Eigen proved that the maximum length of the genome is inversely proportional to the rate of mistakes per letter, simply because longer genomes contain more opportunities to make mistakes (Eigen, M., Naturwissenschaften 58, 465). If the genome is longer than this critical threshold, then an "error catastrophe" ensues: Error-ridden replication essentially randomizes the genome after several generations. This principle also suggests that mechanisms to reduce mistakes can set the stage for the evolution of more complex organisms. Indeed, modern organisms generally have multiple proofreading mechanisms, such that mistakes are usually very rare. (Some viruses, like HIV, are notable exceptions and appear to exist near the edge of the error catastrophe.)

Although the concept of the error threshold was originally developed to understand the limits of biological information, we can see surprising illustrations of this idea in everyday life. Take a look at the name of this lake in central Massachusetts:

sign with lake name

Photo: Irene Chen

According to locals, it means "You fish on your side, I fish on my side, and nobody fishes in the middle" (see the Wikipedia article for more information). Now, check out this sign from the Massachusetts Turnpike Authority:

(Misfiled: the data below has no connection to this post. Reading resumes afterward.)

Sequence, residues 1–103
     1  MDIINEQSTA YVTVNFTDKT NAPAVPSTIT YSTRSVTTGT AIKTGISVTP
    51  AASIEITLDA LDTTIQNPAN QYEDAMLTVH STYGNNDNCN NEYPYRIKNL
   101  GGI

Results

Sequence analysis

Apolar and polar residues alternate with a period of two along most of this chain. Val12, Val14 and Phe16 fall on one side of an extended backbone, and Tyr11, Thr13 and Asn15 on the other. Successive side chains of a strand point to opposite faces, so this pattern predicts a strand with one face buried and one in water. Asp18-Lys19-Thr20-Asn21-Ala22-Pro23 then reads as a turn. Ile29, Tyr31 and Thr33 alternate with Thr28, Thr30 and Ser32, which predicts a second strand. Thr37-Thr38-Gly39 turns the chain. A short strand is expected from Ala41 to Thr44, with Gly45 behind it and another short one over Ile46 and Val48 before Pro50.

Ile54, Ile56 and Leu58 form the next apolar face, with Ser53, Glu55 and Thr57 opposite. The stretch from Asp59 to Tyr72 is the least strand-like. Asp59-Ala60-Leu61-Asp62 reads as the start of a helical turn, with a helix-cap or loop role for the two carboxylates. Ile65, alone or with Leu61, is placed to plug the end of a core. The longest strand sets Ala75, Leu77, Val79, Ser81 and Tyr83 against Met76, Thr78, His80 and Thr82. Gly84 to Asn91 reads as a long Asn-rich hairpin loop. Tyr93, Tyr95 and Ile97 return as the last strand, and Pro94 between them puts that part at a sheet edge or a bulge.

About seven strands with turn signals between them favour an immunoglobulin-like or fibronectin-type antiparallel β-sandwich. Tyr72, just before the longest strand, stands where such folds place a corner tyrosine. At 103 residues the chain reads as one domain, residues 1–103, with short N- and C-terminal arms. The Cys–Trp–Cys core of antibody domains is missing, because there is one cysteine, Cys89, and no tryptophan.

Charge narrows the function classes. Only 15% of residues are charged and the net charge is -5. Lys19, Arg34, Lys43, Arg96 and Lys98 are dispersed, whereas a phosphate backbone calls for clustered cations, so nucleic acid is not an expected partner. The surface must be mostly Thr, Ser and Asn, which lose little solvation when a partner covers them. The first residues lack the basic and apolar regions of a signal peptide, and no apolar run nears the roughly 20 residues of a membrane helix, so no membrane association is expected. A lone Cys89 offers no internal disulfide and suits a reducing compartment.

road sign

Photo: Bree Bailey

Looks the same, right? But look again:

lake name spelled out

sign spelling mistakes noted

There are two errors in this sign! Notice that the short, four-letter word "Lake" was copied correctly, but that the long, 45-letter word "Chargoggagoggmanchauggagoggchaubunagungamaugg" was copied with two errors, for an error rate of approximately 4%. If the MTA were to use its sign as a template for more signs, you can imagine how the information in the lake name would quickly disappear. Fortunately for humans, whose genome is more than 3 billion letters long, our DNA replication is substantially more accurate!

—Irene Chen

January 14, 2009

Good News for Lost Tiger

Don't call it a comeback, but the regal Caspian tiger--thought to have gone extinct nearly 40 years ago--lives on in a closely related subspecies, a new genetic analysis reveals. Conservationists say they can use these relatives to help reestablish the Caspian tiger in Central Asia, parts of which are no longer inhabited by people and have plenty of suitable prey. In ScienceNOW, read about the DNA studies that demonstrate the close affinity between this extinct subspecies and the Siberian, or Amur, tiger and that reveal how tigers spread from China to Central Asia. The scientific report was published today in PLoS ONE.